Wednesday, August 17, 2016

White Duck Red

David Mitchell's books tend to have ambitious structures. They hop across the world, over centuries of time, or both. Even something like The Thousand Autumns of Jacob De Zoet feels expansive, in the way it taps into a grand and/or sinister background that connects a quotidian setting to fantastical developments.

Black Swan Green is different. It's a much more realistic novel, and one that feels a lot more personal. I'm not sure how much (if any) of this is autobiographical, but it certainly fits what I know of David Mitchell's life: both he and Jason Taylor, the book's narrator and protagonist, were born and raised in England, were children during Margaret Thatcher's reign, harbored literary ambitions, and suffered from stammering. The novel doesn't get as delightfully crazy and weird as Mitchell's best books, but it's wonderful in a different way, delving deep into the inner life of this one vulnerable kid.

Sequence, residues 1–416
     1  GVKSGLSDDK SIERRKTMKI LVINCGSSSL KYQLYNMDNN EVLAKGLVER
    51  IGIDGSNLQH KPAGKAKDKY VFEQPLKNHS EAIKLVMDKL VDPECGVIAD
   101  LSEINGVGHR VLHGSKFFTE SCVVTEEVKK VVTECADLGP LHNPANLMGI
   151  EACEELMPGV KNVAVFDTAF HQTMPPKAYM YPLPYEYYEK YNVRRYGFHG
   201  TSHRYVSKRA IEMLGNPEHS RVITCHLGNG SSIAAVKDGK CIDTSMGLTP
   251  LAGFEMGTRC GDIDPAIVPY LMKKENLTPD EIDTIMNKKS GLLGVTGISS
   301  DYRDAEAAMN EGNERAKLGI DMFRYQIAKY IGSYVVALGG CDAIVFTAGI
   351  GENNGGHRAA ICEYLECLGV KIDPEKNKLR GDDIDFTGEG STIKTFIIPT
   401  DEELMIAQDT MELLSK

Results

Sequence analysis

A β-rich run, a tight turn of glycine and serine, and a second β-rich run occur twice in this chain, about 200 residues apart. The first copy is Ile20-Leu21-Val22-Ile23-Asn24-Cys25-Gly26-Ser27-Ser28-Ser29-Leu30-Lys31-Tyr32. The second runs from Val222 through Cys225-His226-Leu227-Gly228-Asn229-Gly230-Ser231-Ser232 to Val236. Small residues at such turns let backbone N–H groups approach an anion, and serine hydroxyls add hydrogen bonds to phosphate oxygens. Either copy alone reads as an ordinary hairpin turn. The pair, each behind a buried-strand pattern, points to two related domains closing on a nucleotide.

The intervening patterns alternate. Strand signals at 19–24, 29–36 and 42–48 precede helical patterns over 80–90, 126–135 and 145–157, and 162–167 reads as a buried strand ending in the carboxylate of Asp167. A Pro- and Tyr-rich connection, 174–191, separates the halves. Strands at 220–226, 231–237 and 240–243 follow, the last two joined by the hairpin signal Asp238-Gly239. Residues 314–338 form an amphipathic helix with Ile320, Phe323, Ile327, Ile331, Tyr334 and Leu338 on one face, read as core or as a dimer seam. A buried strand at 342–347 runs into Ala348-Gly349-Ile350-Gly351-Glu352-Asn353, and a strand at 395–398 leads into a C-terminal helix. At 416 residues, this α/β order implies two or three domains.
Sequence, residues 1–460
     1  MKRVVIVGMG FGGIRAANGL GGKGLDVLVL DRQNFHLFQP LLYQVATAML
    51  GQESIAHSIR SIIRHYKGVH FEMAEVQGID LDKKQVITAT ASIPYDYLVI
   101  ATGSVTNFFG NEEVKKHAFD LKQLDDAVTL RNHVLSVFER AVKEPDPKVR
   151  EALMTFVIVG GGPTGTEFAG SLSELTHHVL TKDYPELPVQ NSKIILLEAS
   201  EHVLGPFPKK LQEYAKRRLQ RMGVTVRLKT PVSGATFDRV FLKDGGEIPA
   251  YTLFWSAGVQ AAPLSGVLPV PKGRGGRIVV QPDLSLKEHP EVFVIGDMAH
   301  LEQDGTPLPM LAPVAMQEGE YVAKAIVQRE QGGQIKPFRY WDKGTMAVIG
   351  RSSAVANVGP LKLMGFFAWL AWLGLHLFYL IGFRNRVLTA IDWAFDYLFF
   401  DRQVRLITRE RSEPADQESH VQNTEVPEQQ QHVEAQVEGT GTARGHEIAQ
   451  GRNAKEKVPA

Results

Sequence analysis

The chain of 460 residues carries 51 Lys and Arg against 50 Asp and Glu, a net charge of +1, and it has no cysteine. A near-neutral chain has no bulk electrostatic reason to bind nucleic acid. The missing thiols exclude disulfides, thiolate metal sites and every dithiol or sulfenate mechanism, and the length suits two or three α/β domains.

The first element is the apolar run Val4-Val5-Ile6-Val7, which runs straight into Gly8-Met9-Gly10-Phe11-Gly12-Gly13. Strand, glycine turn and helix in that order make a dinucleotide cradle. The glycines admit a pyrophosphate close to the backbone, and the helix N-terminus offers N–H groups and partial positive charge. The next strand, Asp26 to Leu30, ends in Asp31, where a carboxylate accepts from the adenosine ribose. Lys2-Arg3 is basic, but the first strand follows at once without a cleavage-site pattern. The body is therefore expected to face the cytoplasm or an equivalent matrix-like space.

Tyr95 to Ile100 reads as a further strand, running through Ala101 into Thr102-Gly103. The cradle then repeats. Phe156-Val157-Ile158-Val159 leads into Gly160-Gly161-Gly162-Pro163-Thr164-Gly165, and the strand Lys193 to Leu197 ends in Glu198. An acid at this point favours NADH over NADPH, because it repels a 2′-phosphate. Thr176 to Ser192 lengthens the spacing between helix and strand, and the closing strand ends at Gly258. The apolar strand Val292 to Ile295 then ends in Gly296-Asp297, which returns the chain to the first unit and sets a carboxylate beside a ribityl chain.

There's really only one part of the book that seems like it might enter the more supernatural territory of Mitchell's other novels, and it comes early on. Jason is skating (in his tennis shoes) on a frozen lake. It's an eerie setting: earlier in the day the lake was crowded with people, but now everyone is back at their homes watching a scheduled movie on the BBC (a recurring element in this story, long before the advent of Sky TV and the Internet). He sees an unexplainable person skating opposite him, an external manifestation of his interior self. After a massive crash, he limps into a spooky cabin in the woods, where a witch-like lady gives him a healing poultice before locking him inside. Creeping upstairs, he is confronted with the old lady's mortality, unsure whether she is still in this world or has moved on to the next.